Aside from the time spent with our family, which I love, I’m finding it hard to be positive or upbeat these days, which is just not like me. I tend to let things roll right off my back, but am finding this funk hard to shake.
I notice it most when I’m alone, whether in the car, running errands, or just hanging out. It hovers, enveloping, and at times grows so strong it makes my heart race.
Partly this feeling is caused by economics. It’s hard to be enthusiastic about work — or anything else — when you’re getting paid a whole lot less than you’re used to and, indeed, far less than you are worth. Especially when finances are tight, prices are skyrocketing, and you have that added pressure of trying to stretch your money to the next paycheck.
Part of this is impatience. After 10 years spent writing my novel, I want it to be published and in people’s hand right now. And yet with agents and publishers having 3-month turnarounds, there is nothing remotely expedient about this process.
Part of this is political. When I voted for Obama, I voted for change — and leadership. While I like some of what he has done, I was hoping for more. I wanted to see him dismantle the big behemoths — education, healthcare, defense, environment — and start from scratch. Put together blue ribbon panels and have the experts — not politicians or lobbyists — tell us how we can do things better. We need to start again, from the ground up, and actually solve problems — no more patches. (more…)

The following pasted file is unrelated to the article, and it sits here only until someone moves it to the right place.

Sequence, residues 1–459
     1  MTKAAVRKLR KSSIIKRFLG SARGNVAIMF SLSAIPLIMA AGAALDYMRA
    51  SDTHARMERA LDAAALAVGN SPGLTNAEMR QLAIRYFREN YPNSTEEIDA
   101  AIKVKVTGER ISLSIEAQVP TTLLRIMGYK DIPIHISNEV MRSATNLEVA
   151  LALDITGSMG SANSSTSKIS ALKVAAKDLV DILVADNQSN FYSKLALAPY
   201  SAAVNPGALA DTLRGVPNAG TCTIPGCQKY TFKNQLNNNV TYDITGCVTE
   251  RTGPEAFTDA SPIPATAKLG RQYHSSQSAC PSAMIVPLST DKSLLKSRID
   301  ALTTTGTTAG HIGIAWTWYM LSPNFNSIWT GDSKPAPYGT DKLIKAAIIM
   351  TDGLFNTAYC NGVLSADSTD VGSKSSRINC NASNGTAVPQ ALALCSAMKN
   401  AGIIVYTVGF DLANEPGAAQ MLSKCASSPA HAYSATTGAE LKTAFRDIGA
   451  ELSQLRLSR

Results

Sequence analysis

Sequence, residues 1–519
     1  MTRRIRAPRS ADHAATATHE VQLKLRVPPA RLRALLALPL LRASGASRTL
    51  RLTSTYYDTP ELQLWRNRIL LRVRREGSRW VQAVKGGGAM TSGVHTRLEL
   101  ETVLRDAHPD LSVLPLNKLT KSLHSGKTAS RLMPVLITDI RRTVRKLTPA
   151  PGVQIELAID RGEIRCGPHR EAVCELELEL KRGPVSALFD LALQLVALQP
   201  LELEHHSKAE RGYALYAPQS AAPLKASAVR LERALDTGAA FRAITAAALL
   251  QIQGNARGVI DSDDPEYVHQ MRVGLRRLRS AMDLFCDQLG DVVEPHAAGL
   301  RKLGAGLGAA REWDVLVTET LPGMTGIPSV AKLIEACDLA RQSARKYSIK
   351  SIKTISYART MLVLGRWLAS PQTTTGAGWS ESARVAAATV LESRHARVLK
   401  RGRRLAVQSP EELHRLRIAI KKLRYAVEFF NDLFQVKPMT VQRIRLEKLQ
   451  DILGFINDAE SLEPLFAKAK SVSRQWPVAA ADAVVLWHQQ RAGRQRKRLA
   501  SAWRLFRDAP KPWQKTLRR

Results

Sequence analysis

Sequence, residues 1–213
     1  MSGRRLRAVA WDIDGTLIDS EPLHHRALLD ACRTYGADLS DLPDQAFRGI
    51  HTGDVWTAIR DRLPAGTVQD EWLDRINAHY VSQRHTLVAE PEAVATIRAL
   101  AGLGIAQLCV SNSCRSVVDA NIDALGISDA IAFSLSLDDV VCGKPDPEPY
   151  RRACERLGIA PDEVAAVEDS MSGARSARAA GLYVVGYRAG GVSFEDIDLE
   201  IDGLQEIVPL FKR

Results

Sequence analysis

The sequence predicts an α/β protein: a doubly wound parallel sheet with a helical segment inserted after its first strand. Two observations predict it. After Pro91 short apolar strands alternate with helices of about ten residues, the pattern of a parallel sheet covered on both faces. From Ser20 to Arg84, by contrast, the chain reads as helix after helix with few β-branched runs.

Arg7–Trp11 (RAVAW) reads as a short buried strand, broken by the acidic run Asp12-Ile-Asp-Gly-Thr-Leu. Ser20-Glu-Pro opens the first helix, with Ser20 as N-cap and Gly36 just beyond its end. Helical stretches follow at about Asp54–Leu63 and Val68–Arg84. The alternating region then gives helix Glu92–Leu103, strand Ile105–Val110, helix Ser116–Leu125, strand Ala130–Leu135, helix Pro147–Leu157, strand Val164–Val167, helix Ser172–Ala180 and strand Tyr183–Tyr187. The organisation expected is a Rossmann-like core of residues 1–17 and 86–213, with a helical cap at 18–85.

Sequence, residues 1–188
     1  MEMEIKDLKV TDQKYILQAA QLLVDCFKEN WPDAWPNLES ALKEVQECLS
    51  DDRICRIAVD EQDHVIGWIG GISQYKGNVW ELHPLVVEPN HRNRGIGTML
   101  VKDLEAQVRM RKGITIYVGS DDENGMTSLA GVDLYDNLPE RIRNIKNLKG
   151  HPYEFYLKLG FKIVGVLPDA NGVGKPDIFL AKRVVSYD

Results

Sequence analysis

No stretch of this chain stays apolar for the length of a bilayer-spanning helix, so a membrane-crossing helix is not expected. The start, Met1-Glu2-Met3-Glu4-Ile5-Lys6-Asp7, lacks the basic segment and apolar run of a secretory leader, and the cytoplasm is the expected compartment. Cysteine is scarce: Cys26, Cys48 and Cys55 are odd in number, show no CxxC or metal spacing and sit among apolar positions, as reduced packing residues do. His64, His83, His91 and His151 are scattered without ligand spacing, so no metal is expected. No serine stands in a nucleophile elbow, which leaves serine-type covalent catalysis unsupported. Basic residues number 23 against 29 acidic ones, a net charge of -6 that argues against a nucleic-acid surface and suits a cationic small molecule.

When I picture the Nordic landscape, a place I’ve longed to visit, I envision long streaks of grays, blues, greens, and browns, interrupted with flurries of brilliant color, as in the many fishing villages which dot the coastline. And in my mind, these magnificent splashes juxtapose perfectly against the coolness of the countryside. The counterbalance of the two is what gives each its power.
Here in America, we seldom consider balance. If something is good, our thought is to then accentuate it, and make it even “better.” The mantra of America seems to be “show more, do more, bigger, higher, louder, faster.” Our films, for example, are big, over-sensory experiences where there is no such thing as “too much.” But focusing on the easily exploitable is not a very difficult bulls-eye to hit. What takes real artistry — balls, even — is to present life in a fully-nuanced and realistic manner, in all its complexity, and doing so is much harder than it would appear.
When I was younger, I knew little of Sweden, aside from IKEA. And while I appreciated all-things-lingonberry and the clean design aesthetic the big blue store presented, I was always disappointed to get the products home and discover that, as pretty as they had appeared, they rarely stood up in terms of quality. Whereas the stores themselves had no problem serving up heaping piles of meatballs, their poorly-made products clearly lacked “the meat.” (more…)